Knowledge Growth, Academic Beliefs and Motivation of Students in Business and Economics - A longitudinal German Case Study
- Martin Biewen
- Roland Happ
- Susanne Schmidt
- Olga Zlatkin-Troitschanskaia
In this study we examine the determinants of and the relationship among economic knowledge, epistemological beliefs, and extrinsic and intrinsic motivation over the course of undergraduate studies in a sample of students of business and economics at a university in Germany. We found economic knowledge increased over the course of studies, extrinsic and intrinsic motivation declined, and students became more skeptical in their epistemological beliefs about the objectivity of economic content being taught in their courses. The students’ level of economic knowledge was related to intrinsic motivation but unrelated to extrinsic motivation and epistemological beliefs. Furthermore, the students’ tendency to become more skeptical over the course of their studies was mitigated by high levels of extrinsic motivation. The use of internationally established assessments such as the Test of Economic Literacy, developed by the Council of Economics Education, enables implications for higher education business and economics programs at the international level to be drawn from our findings.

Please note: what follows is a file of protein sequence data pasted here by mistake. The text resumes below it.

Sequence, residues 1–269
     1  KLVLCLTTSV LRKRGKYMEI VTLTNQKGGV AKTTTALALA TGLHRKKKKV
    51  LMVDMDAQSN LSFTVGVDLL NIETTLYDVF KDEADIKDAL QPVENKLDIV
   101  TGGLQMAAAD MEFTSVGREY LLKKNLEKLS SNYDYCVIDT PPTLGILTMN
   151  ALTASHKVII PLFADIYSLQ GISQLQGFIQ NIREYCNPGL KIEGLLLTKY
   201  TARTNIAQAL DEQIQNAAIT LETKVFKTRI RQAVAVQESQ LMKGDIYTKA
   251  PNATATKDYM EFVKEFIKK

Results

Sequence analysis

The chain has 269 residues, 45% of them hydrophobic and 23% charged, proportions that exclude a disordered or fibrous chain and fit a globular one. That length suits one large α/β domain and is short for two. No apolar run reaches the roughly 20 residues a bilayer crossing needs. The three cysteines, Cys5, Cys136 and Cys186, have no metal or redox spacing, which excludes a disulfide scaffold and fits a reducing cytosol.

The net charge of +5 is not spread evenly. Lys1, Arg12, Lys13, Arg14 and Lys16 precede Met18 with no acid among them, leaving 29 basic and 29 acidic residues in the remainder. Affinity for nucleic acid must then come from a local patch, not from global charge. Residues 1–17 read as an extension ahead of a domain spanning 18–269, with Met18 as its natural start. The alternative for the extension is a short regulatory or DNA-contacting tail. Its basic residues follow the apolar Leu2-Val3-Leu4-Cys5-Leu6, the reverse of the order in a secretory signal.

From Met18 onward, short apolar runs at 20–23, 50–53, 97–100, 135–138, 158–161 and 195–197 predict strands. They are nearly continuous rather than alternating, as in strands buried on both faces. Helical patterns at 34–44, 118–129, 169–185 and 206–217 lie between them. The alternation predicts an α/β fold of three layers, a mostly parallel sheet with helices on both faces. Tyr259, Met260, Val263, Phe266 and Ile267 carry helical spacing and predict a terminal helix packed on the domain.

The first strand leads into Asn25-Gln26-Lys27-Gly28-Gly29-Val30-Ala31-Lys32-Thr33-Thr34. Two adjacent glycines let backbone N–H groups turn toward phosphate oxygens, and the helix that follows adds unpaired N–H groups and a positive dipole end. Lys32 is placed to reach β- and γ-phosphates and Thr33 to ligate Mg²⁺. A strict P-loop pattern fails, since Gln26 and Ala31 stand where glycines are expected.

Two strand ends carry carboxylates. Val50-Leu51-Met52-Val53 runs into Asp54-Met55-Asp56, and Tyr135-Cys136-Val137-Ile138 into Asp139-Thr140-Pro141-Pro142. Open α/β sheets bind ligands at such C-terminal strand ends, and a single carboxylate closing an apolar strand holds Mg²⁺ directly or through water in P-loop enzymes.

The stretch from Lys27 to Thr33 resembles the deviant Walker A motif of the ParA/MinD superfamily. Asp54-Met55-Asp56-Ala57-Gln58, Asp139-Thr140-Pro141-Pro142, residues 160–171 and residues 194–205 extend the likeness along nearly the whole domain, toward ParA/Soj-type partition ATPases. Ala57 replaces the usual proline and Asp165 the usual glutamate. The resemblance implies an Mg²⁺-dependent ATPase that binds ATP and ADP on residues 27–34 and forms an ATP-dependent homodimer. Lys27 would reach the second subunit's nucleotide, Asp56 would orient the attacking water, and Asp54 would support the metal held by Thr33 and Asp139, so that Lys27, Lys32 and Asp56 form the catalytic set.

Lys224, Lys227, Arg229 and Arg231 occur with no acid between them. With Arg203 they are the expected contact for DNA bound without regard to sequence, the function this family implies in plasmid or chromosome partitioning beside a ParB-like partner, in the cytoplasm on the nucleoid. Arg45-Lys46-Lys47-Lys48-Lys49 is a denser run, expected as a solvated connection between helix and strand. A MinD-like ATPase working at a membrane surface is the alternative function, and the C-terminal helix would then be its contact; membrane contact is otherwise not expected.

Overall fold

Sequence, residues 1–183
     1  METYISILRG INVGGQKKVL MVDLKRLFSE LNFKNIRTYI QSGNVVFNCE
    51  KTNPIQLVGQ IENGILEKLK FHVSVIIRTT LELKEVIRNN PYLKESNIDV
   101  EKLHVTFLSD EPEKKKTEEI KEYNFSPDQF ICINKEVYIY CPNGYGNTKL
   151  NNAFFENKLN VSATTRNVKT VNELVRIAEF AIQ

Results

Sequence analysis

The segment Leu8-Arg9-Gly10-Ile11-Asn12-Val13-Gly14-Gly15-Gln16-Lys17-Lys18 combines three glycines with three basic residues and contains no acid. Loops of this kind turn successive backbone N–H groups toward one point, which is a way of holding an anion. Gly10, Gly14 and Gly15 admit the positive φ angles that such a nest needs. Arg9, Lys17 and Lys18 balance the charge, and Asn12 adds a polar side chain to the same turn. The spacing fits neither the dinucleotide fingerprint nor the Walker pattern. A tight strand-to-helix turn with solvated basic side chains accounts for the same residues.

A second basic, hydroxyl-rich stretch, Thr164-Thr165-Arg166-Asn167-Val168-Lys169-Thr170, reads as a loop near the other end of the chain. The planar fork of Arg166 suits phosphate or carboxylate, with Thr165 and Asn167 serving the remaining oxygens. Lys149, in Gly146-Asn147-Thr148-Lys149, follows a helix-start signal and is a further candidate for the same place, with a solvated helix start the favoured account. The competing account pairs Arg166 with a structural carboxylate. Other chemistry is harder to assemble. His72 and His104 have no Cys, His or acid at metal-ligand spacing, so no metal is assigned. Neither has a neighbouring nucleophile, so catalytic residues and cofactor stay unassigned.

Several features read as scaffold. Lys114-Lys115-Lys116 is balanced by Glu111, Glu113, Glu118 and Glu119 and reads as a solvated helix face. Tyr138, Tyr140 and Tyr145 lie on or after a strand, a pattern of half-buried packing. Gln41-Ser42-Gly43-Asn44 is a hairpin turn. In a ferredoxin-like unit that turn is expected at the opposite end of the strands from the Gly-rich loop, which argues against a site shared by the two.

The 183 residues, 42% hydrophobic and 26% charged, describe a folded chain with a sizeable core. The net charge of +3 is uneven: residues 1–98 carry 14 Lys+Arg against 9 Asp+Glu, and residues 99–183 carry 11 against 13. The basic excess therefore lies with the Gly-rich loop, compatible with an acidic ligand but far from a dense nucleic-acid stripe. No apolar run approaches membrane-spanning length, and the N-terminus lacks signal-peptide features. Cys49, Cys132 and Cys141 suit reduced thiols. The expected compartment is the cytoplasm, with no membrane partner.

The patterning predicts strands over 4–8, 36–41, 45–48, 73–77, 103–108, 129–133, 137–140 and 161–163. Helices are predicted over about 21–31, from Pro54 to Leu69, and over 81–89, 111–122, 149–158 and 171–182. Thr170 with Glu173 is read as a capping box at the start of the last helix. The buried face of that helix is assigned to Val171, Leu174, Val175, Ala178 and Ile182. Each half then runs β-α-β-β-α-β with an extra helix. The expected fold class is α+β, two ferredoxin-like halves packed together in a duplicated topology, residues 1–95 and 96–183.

- Sherry LinEditorial Assistant